Holden will forever be known as winner of the 1966 Gallaher 500. But few know that the Holden/Rauno Aaltonen Cooper S was seen as the factory BMC Australia team’s third-string entry. What’s more, Bob went to great lengths to ensure he and Aaltonen would be competitive on Sunday October 2, 1966. Concerned that his Cooper S may not be identical to the other two, he asked for and received factory intervention.
“On Monday before the race all three cars went on the dyno,” he explained. “Dave Bradford, an English apprentice I knew well, rang me and told there was a problem. Dave said: ‘One of the cars is down one and a half horsepower... and you know which one you will get!’
“So I rang Evan up and asked if I could borrow one of the cars that night. I picked it up at 6pm Monday and took it to my garage at Pymble. Dave was there organising things. We stripped the car back to the bodyshell and balanced everything. We balanced all gears, brake drums and discs, axles and driveshafts, as well as checking the blueprinted motor. The parts went to Lynx Engineering for balancing and then back to the workshop. I returned the car the factory on the Tuesday morning; no one knew it was gone!
“I was just looking for an edge, and the edge just happened to be that it had to be as perfect a car as you could possibly get.
“I got the car again on the Tuesday night and I drove it all night to Canberra and Yass. On Wednesday Dave put it back on the dyno and found it was up one and a half horsepower, so I told him to wind back the distributor!”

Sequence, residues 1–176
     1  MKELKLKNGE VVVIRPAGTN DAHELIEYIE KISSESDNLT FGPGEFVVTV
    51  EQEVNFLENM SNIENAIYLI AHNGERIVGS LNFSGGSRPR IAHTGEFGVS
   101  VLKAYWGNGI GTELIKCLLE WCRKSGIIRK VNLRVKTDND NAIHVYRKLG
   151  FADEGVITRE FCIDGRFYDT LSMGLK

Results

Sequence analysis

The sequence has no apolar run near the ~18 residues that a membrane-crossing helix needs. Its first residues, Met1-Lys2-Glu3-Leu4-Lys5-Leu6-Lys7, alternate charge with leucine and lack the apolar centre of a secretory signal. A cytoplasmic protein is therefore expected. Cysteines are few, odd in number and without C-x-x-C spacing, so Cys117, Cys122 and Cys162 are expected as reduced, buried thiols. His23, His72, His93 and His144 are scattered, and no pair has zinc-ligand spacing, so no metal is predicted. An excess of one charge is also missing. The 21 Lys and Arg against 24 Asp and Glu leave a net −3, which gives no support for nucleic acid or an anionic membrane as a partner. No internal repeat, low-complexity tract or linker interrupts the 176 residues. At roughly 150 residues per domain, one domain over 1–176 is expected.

The skulduggery continued at the track where there was sandbagging in qualifying – no one wanted to show their true speed, as he recalls.
“You had to sandbag because if you were fastest you might find the numbers on your car had swapped overnight. There were no logbooks then. Rauno understood the team politics. I told him we shouldn’t show our full speed in qualifying and we should just back off after the Castrol Tower at Skyline. We were timing half laps and working out what a quick lap would be without setting one.”
The race was a frantic affair. Lead driver Aaltonen took the lead early, with an armada of Minis snapping at his bumper. Brian Foley’s works Cooper S led for 15 laps before his engine failed and Aaltonen was able to eke out an advantage that Holden built upon. The Charlie Smith/Ron Haylen Cooper S kept them honest until crashing out at the halfway mark. By the end Aaltonen/Holden had won by over a lap.
Holden subsequently had a very full dance card in ’67 – standard production, Improved Production and rally Minis. There were times when the Lolita sportscar’s 1100cc engine would
go into the rally Mini for an event on Saturday night, before being returned to the Lolita on Sunday morning!
For the 1967 Bathurst 500, Holden was very much the senior driver, paired with lanky British driver Tony Fall, but the Cooper S had no answer for the faster XR Falcon GTs and Alfa Romeo GTVs. Holden/Fall were best of the rest, winning their class and finishing fifth outright. The following weekend he finished third outright with George Shepheard in the Southern Cross Rally.
BMC wound back its involvement with Minis in 1968 and Holden had to look elsewhere for drives, including overseas.
One such event was the 1968 London to Sydney Marathon in a Volvo 142. Bob was a passenger asleep in this car when it crashed in India and his head went through the windscreen. Bob is not sure which was scarier, realising he was sailing through the windscreen or ending up in an Indian hospital...
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He was a very busy boy following his ’66 Bathurst victory in #13C. He dabbled in sportscars, including the Lolita MkII (inset).